Nokia Delivers Free Navigation Service to Customers
Nokia announced Thursday that the company's rich Ovi Maps navigation software is now available as a free download at www.nokia.com/maps. Ten Nokia handsets currently qualify for the upgrade, but only four are currently available in the US: The N97 mini, E72, Nokia 5800 XpressMusic and the Nokia 5800 Navigation Edition. According to the company, every Nokia Symbian S60 device developed from now on will be eligible for the free navigation service.
Strangely, the N97 is excluded from this update. Why make Ovi Maps upgrade available for the N97's younger brother, the mini, but leave out the company's flagship multimedia device? Nokia did not disclose any details behind this decision.
Nokia has been aggregating data and building its mobile mapping technology since the company's acquisition of digital map supplier NAVITEQ. Up until today, customers had to pay for premium services such as pedestrian maps and turn-by-turn directions. In addition to these features, the latest version of Ovi Maps is shows local country data as well as over 6,000 3D landmarks. And in March 2010, users can access data from Lonely Planet and Michelin travel guides.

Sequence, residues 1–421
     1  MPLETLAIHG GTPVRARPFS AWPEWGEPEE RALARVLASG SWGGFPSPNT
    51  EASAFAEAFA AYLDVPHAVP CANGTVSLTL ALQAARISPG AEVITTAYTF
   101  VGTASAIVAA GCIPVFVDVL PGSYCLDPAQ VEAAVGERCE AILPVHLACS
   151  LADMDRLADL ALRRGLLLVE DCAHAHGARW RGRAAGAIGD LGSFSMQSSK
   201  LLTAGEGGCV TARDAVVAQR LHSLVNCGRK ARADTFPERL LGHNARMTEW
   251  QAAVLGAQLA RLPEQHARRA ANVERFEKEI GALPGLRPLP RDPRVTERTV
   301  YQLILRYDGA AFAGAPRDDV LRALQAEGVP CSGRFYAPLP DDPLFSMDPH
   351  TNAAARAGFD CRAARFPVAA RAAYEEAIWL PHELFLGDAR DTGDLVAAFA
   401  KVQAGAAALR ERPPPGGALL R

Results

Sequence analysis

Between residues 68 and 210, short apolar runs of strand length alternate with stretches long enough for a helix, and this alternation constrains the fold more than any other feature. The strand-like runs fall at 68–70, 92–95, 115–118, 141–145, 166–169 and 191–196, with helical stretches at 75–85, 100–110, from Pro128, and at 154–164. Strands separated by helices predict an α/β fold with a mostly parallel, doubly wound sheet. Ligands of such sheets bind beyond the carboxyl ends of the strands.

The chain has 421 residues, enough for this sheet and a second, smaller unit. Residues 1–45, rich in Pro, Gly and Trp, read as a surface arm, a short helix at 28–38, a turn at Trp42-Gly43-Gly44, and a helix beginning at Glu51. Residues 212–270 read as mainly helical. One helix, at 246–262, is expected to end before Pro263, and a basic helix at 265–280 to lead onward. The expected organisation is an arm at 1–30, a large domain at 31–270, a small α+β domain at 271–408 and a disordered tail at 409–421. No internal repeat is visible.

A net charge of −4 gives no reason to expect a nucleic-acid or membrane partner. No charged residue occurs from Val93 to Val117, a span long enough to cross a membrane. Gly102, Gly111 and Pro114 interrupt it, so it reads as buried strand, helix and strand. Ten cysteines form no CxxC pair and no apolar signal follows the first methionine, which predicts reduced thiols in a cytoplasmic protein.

In late 2009, Google started offering a free navigation service with turn-by-turn directions with the release of the Motorola Droid and Android OS 2.0. There are a couple of differentiators between Google Navigation and Ovi Maps, however. Ovi Maps requires no network connection for navigation so you'll save your phone's battery life and not be thrown off by cellular dead zones while on the road. Ovi Maps use something called "hybrid vector maps." According to Nokia, these maps are high quality, but less data intensive so they are actually stored on your phone when you download them.
Google Maps will cache along your planned route so if you hit a dead zone, you can still receive turn-by-turn directions to your destination. But if you try to switch to another map or plan another route, Google Navigation won't work.
But Google Navigation offers something Ovi Maps doesn't: Real-life views of your route. While Ovi Maps displays 3D landmarks, Google Navigation's Street View and satellite view are incredibly useful for navigation. Right now, Ovi Maps doesn't have anything quite like these unique features.
Nokia's headed in the right direction for gaining leverage in the US smartphone market and keeping up with the competition by offering this rich navigation service for free. Right now, the iPhone only offers Google Maps for free; to get the kind of features you'd find on Ovi Maps requires purchasing a costly third-party app. Next, I'd like to see a revamped version of the Symbian OS--but it looks like Nokia is already on that.